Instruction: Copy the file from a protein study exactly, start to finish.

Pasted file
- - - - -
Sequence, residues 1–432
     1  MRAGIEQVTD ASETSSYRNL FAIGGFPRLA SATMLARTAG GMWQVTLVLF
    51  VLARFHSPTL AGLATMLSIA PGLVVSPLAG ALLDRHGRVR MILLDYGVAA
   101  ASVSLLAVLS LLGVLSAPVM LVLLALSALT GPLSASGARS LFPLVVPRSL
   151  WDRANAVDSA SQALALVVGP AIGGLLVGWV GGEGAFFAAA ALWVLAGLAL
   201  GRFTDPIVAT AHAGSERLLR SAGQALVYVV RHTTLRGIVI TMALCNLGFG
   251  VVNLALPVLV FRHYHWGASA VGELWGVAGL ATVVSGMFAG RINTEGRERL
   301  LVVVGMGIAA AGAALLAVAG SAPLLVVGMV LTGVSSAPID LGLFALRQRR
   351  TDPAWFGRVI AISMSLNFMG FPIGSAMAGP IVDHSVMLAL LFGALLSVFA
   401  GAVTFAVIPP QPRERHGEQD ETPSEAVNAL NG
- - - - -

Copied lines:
Sequence, residues 1–432
     1  MRAGIEQVTD ASETSSYRNL FAIGGFPRLA SATMLARTAG GMWQVTLVLF
    51  VLARFHSPTL AGLATMLSIA PGLVVSPLAG ALLDRHGRVR MILLDYGVAA
   101  ASVSLLAVLS LLGVLSAPVM LVLLALSALT GPLSASGARS LFPLVVPRSL
   151  WDRANAVDSA SQALALVVGP AIGGLLVGWV GGEGAFFAAA ALWVLAGLAL
   201  GRFTDPIVAT AHAGSERLLR SAGQALVYVV RHTTLRGIVI TMALCNLGFG
   251  VVNLALPVLV FRHYHWGASA VGELWGVAGL ATVVSGMFAG RINTEGRERL
   301  LVVVGMGIAA AGAALLAVAG SAPLLVVGMV LTGVSSAPID LGLFALRQRR
   351  TDPAWFGRVI AISMSLNFMG FPIGSAMAGP IVDHSVMLAL LFGALLSVFA
   401  GAVTFAVIPP QPRERHGEQD ETPSEAVNAL NG